Alumni Spotlight—Grace Merrett
- Alumni Spotlight
- Grace Merrett
- College of Applied Health Sciences
- Recreation Sport and Tourism
- University of Illinois
Alumni of the College of Applied Health Sciences have myriad career options thanks to the tremendous diversity of programs. We periodically will put the spotlight on an alum to find out what they're doing now, what experiences they had and what AHS means to them. This week, we talk to Grace Merrett, who graduated in 2018 from RST with a focus on recreation management and now works as a garden and cooking educator for two elementary schools in the San Diego area. She is pursuing a Master’s degree in Education at the University of Washington.
Q. Why did you pick AHS?
A. The majors in AHS center around serving others; I picked this college because I knew it would allow me to be surrounded by students and professors that cared deeply about taking care of their people. The small class sizes and ample group projects allowed me to build a deep and wide network of funny, intelligent, and loving friends and mentors that I am super thankful to still have today.
Q. When did you graduate and with what degree?
A. August of 2018 with a degree in Recreation Management, minor in Horticulture, Certificate in Leadership
Q. Which professors had the most impact on you?
A. Robyn Deterding and Jonathan Hicks: These professors really saw their students as people and genuinely cared about my passions and accomplishments. They were incredibly thoughtful and intentional about the content they taught and were able to foster classes that felt more like communities.
Q. What course did you most enjoy?
A. I found so much joy in a course called “Children and Nature,” which focused on the importance of green space for kids. Our final project was to create a program for kids in the outdoors. Mine was creating a garden bed that included all of the ingredients you would need to make salad (tomatoes, cilantro, garlic, onion, jalapeños). Fast-forward three years, and I was able to actually facilitate this lesson as a garden educator! Over the course of three months, we learned about what seeds need to grow, parts of the plant that we eat (did you know the part of celery that we eat is actually the stem?!), and gained knife skills in cutting our tomatoes and de-seeding our jalapenos to create what was seriously the most delicious salsa I’ve ever had. I was smacked in the face with real world experience during my time in the Community Recreation Planning course. We were tasked with partnering with a small town to facilitate a SWOT (strengths/weaknesses/opportunities/threats) analysis, and then put together a proposal to the town’s mayor on our recommendations. I was part of the leadership team for a parking lot-to-park renovation. Through this, I was able to explore my passion for graphic design by creating a digital 3-D model of our vision, and I lived out my once-dream of being a landscape architect, as I was responsible for choosing the specific trees and flowers that would best flourish in the space. AHS allows for so many opportunities for cross-discipline exploration!!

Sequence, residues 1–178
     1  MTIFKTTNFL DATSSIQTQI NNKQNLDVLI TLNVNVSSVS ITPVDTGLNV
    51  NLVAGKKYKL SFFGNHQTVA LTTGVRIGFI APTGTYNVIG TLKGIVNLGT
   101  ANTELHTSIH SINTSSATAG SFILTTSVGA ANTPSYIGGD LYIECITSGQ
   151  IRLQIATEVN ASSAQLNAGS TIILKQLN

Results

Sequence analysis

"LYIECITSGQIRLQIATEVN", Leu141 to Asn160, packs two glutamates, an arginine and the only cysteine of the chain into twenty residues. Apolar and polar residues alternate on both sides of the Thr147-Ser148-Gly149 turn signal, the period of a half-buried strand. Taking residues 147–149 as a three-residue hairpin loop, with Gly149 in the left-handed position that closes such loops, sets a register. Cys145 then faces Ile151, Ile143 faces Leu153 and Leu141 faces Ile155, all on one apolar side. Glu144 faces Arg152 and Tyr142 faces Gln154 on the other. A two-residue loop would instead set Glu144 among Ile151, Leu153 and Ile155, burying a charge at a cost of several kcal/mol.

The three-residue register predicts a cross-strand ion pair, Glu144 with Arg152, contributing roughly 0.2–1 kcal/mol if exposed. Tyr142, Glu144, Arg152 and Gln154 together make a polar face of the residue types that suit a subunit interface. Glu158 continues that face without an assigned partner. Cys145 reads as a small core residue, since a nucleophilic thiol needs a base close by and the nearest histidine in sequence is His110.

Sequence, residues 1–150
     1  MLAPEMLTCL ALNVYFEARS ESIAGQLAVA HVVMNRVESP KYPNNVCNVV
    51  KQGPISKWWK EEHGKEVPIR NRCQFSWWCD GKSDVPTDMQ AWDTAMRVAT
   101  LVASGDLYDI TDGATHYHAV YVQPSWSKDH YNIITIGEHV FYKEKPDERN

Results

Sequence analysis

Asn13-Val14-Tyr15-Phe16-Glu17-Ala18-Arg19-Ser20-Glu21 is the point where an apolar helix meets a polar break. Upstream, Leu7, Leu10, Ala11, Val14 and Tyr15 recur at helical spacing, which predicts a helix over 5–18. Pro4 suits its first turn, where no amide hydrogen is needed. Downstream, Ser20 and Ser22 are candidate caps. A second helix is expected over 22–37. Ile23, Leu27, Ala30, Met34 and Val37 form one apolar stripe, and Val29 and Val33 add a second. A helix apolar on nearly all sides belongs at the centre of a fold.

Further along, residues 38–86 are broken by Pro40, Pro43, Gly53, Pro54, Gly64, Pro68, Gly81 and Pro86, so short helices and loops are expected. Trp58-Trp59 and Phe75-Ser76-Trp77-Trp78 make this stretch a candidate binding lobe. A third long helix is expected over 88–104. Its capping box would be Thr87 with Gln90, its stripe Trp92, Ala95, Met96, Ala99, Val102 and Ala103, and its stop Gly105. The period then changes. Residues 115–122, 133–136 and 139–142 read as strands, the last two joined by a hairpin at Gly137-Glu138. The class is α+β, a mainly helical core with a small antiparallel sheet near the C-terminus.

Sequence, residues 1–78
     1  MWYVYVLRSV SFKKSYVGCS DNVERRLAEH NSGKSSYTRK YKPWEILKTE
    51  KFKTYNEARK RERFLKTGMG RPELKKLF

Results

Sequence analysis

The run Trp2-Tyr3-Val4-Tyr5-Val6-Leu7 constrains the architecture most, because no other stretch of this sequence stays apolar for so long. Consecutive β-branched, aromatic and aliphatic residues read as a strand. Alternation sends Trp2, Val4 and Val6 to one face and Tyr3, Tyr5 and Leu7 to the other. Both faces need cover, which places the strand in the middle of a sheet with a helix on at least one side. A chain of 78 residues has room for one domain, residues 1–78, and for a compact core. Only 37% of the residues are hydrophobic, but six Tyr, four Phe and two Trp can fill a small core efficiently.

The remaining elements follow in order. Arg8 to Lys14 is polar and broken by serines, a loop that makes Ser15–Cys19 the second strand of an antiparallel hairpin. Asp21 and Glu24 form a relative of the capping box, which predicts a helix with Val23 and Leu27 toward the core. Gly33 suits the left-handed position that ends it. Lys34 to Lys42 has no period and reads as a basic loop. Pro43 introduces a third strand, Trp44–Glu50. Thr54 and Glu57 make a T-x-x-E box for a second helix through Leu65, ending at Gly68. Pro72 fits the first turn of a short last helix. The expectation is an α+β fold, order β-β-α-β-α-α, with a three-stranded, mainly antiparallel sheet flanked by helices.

Q. Did you enter AHS knowing your career path, or did AHS help you decide?
A. I did not enter AHS knowing my career path—all I knew is that I liked being outside and working with people. My professors and advisors (shout out Patty and Lori Kay Paden!) encouraged me to reflect on other aspects of work I enjoy and I included “creating programs” and “hands-on work” to my list of things I like. Because of their encouragement to self-reflect, I sought out work with the National Park Service and worked 2 seasons as a park ranger and fell in love with informal education in the outdoors. I plan to go to graduate school in the fall to develop my educational philosophy and techniques.
Q. What is your current job?
A. After being a park ranger at Canyonlands National Park, I made my way to San Diego, Calif., where I work as a garden and cooking educator for two elementary schools. This upcoming fall I will be pursuing a Master’s degree in Education at the University of Washington to develop my educational philosophy and techniques.
Q. What was your favorite on-campus experience?
A. I have super-fond memories of eating Auntie Anne pretzels on the blue tables outside of the union, laughing the days away with my friends while colorful leaves sweeping across the union patio.
Q. What does AHS mean to you?
A. To me, AHS means dedication to improving communities through providing essential wellness opportunities.